The synthesizer was the ultimate punk instrument

We recently alluded to the fact that we believe the synthesizer was the ultimate realization of the punk movement. This is an idea we’ve embraced for decades and as time passes it becomes more clear the early, pioneer electronic bands carried the spirit of the punk scene, if not in attitude, definitely in the democratization of music-making.

The entire punk ethic was built around the populist democratization of music. It was in part a rebellion against the bloated, technically efficient but emotionally void prog rock supergroups, your YES, your Supertramp, your Genesis, your ELP, your Chicago, your Rush. These bands were big, blowsy, splashy, proficient to a fault and oh-so-controlled. To the youth of, especially the US and Europe this wasn’t music that connected to them emotionally. At all. Witness a movement that said, “prodigious proficiency is not what makes music connect, it’s heart and guts and a message that matters most.”

To the initial punk bands, from the New York Dolls and co. in the US, to the Sex Pistols, the Damned, The Clash, Generation X, etc. in the UK, it didn’t matter if you could play an instrument well, it was about an attitude. It was a giant “fuck you” to the ELPs of the world, “we can’t do any of the things you can do with your instruments, but look – it doesn’t matter in the end – our music speaks to the youth of today despite it.” It was glorious, produced some of the most meaningful music in modern memory and it was oh-so-short lived. Not just that the peak of the movement was chronologically short, but that as the initial wave of punk purists moved on the musicianship quickly and steadily improved. The Clash turned out to be great musicians. Bands like Blondie, even in their pre-new-wave period or the Talking Heads were as musically proficient as those in any genre. It was no longer quite so cut and dry as “anyone can pick up and instrument and start jamming”. That moment was no longer.

The synthesizer, on the other hand, was the full realization of the concept of democratic music. One could muck about with a synth and create some cool sounds. It proved that one didn’t need to know how to master a fretted instrument or roll out an expensive drum kit to make something meaningful. Many of the early bands that noodled with synths like Einstürzende Neubauten, Can, DAF, Fad Gadget, The Human League in their very earliest iteration, Foxx-era Ultravox and our beloved Cabaret Voltaire were true punk bands in attitude, in spirit and even in sound. Even as the edges of early electronic music were polished the main driving spirit of punk remained. As artists like Depeche Mode, Japan, Soft Cell, Talk Talk, Flock of Seagulls, Ministry (in their pre-metal days) and legions more showed, one didn’t need to be an accomplished musician, they just needed the right attitude and a good ear for melody. The synthesizer made it possible for anyone to start a band wholly unto itself, one’s own creativity their only limit.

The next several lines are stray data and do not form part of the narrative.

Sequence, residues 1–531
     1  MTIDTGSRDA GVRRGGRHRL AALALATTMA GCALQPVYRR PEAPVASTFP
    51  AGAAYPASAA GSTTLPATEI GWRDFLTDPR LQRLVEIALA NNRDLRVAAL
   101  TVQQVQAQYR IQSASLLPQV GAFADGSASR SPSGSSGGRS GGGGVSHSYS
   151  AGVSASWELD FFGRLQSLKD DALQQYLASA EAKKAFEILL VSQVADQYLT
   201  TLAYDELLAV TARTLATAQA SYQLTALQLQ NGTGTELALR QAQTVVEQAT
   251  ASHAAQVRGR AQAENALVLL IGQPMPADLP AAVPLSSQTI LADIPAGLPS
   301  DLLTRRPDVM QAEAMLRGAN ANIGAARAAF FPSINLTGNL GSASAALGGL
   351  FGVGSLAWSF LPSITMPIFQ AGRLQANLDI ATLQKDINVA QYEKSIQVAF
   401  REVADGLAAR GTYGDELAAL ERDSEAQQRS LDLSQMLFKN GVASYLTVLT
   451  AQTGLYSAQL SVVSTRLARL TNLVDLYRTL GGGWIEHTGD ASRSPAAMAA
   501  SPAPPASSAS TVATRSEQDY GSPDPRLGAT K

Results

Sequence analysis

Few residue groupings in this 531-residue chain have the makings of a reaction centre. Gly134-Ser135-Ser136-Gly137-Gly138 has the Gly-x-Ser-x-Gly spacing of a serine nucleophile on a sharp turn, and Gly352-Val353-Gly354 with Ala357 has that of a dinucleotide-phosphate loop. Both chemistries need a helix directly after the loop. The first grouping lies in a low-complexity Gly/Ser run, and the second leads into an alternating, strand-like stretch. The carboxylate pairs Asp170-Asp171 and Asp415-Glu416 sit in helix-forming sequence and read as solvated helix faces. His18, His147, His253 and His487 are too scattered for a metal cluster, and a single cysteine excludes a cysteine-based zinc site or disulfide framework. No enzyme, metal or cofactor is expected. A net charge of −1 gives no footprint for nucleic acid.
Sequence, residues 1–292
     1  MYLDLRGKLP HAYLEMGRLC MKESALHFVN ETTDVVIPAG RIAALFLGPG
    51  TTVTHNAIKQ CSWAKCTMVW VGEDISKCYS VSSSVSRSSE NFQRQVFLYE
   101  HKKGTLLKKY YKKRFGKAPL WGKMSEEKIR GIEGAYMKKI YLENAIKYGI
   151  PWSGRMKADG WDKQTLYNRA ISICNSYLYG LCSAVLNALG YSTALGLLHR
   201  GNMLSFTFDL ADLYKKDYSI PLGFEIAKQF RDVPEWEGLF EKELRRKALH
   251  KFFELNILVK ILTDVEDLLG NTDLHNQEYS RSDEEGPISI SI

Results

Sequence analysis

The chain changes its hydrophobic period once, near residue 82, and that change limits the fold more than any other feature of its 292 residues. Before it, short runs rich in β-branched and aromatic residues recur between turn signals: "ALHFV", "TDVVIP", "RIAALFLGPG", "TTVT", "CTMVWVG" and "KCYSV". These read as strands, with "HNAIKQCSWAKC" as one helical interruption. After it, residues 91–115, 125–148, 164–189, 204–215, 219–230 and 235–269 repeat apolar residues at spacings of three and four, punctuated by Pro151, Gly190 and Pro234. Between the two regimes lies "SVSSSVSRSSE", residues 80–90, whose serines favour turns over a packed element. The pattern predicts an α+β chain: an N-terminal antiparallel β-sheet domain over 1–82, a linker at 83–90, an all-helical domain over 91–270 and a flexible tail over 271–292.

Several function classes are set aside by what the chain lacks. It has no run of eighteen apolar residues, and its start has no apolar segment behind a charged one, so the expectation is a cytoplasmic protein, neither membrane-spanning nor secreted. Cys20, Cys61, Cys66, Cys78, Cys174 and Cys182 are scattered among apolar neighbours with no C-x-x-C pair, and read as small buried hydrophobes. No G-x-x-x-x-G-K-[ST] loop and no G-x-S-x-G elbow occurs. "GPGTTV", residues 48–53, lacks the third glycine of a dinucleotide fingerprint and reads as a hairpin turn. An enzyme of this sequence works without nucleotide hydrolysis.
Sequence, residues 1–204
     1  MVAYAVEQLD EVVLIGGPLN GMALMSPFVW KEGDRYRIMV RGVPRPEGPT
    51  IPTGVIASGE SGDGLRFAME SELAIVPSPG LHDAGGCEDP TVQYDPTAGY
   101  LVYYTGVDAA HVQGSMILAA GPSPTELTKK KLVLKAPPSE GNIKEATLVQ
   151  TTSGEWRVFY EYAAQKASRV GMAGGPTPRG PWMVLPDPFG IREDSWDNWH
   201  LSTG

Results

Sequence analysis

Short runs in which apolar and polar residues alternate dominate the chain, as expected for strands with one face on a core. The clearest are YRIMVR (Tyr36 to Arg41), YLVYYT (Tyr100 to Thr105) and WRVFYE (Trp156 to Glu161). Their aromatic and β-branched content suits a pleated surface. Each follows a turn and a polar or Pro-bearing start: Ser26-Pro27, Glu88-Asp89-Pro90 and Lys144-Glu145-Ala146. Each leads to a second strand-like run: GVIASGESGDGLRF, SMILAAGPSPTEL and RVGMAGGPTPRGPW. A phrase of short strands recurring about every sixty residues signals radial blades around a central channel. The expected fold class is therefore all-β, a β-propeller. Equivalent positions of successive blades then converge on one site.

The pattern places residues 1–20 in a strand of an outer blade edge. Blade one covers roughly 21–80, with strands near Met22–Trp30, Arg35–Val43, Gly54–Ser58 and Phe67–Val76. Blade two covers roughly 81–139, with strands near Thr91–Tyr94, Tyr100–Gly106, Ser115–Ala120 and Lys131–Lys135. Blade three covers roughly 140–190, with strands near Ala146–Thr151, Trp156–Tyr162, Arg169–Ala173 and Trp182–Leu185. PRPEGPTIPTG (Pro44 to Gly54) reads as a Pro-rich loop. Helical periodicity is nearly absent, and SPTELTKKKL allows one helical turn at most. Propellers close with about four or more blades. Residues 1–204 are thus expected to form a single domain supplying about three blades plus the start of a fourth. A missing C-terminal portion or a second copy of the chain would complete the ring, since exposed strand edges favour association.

It may be hard to look at a Goldfrapp today or a La Roux and easily recognize the historical link, the line that runs directly from the Pistols to their own poppy goodness in 2010. But the spirit remains, the intent to change the music business, to take it out of the hands of the over-trained studio musician and put it into the hands of any kid who liked the sounds this odd machine produced – this is punk’s true musical legacy.

And while it’s true the advent of the softsynth, the rise of the technician-producer-musician and the trend of classically or at least professionally trained musicians switching over to the synthesizer as a purely stylistic choice may have diluted this DIY spirit, look around, have a listen to the dearly missed Pink Grease, or The Faint, or Aesthetic Perfection, or Alice in Videoland, or Ayria and it’s all there, all clear – punk reborn, driven by the relentless pounding of the drum machine…

Watch: Cabaret Voltaire: Obsession

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4 Responses to “The synthesizer was the ultimate punk instrument”

  1. Ah, good old days with good old music 🙂

  2. Anyone see La Roux at any festivals? She released a new album – Sidetracked that includes her Rolling Stones cover. Finalllly! 🙂 http://bit.ly/ahbvYo

  3. Hmm… given how much even a preset synthesizer cost in those days, and how little it did, I’m not sure it’s entirely compatible with the cheap’n’cheerful ‘hey-let’s-put-on-a-show-right-here ethos of punk.

    I bought my first synth in 1981, a Roland SH-09, which cost me £229 plus a train journey to London. Even then I couldn’t afford a mic, or a drum machine (even a preset on) or amp for a while afterwards. And I could only afford that by foregoing driving lessons and a car or bike! That money would have bought a guitar and amp, with change to spare.

    • softsynth Says:

      Very good point about the cost, though the coolest thing I’ve heard of were bands like Human League and Cabaret Voltaire who constructed their own monstrous inventions. Pink Grease carried on the tradition more recently. An others still in the true punk tradition stole their gear 🙂 (or even more had their parents buy them – see Depeche Mode). There were cheaper synth options back in the day, though they didn’t “do” much. They made do though, just as the guitar-based punk bands did with their guitars and drums.

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